The cover art shows a photograph of two street lamps shining against a black sky. Some of the submissions are anonymous. The table of contents lists titles such as "It's All in My Head," "A Journey to Self Confidence," "Anxiety Attack Number Eighteen" and "It's Always Okay to Cry."
What began as an honors capstone project for Muftiat Ogunsanya has now become part of the Office of Diversity and Inclusion's Rise Above "-Isms" Week.
Ogunsanya, a junior computer science major, created You Are Not Alone, a mental health literary magazine that formally launched Tuesday in the Juan Ramon Jimenez Room of Stamp Student Union. The debut edition features 36 pages of student poetry, short essays, artwork and photography centered on mental health issues.
Ogunsanya first proposed the magazine last year for her capstone project in her Design Cultures and Creativity honors program. She had the idea after reading an open letter to people with mental illness on The Huffington Post, the last line of which included the phrase "you are not alone," inspiring her publication's title.
"I realized that a lot of college students don't tend to focus on mental health," Ogunsanya said. "They hear that it's important, but they don't necessarily focus on it because our environment is very success-driven."
Ogunsanya said her biggest challenge was gathering submissions, but once she put her prototype together she realized she wanted to make the magazine more than her capstone project.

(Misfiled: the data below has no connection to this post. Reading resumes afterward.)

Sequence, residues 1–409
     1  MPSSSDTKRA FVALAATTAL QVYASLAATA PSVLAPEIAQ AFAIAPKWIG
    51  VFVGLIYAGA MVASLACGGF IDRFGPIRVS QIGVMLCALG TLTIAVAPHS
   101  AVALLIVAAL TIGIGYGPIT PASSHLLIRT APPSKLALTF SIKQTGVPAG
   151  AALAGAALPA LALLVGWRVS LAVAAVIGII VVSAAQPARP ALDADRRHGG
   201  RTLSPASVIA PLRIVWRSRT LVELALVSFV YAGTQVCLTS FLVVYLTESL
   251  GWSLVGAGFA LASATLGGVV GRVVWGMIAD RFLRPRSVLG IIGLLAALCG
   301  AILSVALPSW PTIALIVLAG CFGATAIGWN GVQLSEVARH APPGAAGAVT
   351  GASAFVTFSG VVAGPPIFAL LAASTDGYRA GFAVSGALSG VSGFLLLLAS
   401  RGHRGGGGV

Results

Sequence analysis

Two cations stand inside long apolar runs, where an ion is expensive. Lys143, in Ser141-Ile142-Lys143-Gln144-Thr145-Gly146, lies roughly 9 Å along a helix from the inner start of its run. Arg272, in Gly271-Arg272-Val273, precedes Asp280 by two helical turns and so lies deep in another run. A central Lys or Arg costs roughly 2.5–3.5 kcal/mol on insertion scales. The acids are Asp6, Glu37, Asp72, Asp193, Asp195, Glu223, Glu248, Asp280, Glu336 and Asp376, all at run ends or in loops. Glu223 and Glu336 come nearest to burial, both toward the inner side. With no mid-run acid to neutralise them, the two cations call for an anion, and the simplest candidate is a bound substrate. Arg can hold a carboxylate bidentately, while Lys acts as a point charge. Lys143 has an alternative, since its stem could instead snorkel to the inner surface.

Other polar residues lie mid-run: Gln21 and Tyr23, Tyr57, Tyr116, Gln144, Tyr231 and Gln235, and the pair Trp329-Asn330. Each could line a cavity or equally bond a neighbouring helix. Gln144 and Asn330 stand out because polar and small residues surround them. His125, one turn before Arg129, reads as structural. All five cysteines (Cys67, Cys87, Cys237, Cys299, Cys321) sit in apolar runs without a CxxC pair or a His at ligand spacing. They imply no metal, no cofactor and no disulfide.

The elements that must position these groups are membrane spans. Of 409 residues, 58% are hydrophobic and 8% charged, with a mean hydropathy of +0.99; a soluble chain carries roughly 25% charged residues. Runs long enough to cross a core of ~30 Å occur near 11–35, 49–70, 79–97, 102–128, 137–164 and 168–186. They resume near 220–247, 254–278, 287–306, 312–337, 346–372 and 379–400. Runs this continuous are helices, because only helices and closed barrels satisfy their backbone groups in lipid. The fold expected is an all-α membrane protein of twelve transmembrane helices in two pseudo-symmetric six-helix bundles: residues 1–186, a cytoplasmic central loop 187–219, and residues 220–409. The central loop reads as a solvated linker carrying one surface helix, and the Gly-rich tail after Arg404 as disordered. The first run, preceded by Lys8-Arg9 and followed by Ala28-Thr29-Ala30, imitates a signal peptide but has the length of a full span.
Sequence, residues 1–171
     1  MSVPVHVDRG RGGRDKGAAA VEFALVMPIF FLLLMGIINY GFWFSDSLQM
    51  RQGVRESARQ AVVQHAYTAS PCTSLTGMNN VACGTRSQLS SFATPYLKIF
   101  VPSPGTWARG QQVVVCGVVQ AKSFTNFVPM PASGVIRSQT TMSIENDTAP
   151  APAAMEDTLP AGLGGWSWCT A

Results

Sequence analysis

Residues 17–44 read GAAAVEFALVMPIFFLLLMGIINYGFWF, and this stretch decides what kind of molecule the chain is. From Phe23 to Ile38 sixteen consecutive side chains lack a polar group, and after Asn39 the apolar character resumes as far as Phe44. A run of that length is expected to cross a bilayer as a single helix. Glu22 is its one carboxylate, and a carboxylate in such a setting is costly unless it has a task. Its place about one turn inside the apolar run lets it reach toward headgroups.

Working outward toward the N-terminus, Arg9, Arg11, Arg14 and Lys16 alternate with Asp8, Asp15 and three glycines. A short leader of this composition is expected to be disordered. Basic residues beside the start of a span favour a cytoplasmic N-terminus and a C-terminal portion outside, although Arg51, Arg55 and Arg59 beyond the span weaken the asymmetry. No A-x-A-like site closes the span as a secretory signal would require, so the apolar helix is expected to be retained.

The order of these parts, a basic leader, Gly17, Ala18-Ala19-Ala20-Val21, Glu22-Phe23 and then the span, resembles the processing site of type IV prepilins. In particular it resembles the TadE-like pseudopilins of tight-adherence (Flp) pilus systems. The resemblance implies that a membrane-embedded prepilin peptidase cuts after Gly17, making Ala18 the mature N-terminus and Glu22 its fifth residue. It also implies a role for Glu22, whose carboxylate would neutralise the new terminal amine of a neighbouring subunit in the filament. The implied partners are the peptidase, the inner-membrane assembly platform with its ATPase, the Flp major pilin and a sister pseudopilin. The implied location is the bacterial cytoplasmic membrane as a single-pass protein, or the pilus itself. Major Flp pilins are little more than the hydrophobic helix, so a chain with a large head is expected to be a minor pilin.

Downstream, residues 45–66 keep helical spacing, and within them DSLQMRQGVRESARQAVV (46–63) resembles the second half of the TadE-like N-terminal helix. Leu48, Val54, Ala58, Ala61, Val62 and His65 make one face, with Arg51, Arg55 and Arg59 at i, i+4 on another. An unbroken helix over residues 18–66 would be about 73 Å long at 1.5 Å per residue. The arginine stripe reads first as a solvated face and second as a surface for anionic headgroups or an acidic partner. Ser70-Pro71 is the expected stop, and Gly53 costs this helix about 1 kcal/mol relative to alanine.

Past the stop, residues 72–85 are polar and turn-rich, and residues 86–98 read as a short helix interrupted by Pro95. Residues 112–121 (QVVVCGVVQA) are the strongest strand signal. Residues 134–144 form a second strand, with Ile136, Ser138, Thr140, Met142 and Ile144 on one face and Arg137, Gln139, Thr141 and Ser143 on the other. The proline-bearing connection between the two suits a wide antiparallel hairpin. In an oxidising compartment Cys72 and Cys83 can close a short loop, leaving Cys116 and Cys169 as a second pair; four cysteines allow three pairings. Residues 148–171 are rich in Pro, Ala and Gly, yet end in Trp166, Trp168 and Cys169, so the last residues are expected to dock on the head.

"I wanted to expand it to the general public," Ogunsanya said. "I wanted it to be more accessible to students on campus."
Ogunsanya's capstone mentor, kinesiology doctoral student Stephanie Cork, helped to create a similar campus publication focused on disability awareness at her undergraduate institution, Queen's University in Ontario. Ogunsanya asked Cork for advice, and Cork connected her with the Office of Diversity and Inclusion.
"If you want to get stuff done, you go to ODI," Cork said.
The office helped Ogunsanya pay for the cost of printing. It is the fourth year the office has held Rise Above "-Isms" Week, but the office is including mental health topics for the first time this year, said Beth Douthirt Cohen, the office's director of education and training.
"In general, it's a goal for our campus to have more community around mental health that's run by students, for students," Cohen said. "Having a literary magazine is a great intervention in terms of that."
Rise Above "-Isms" Week will also include Mental Health First Aid Certification Training on Friday. Fifty professors, faculty, undergraduate and graduate students will learn an "action plan" for safely addressing mental illness
"We want folks on this campus who are struggling with mental health to know they are not alone, that there is a community of folks who are connected to them and want to support them," Cohen said.
Going forward, Ogunsanya said she hopes to establish a student organization that would continue to publish You Are Not Alone.
The office in Marie Mount Hall has physical copies of the magazine, and it also can be accessed online.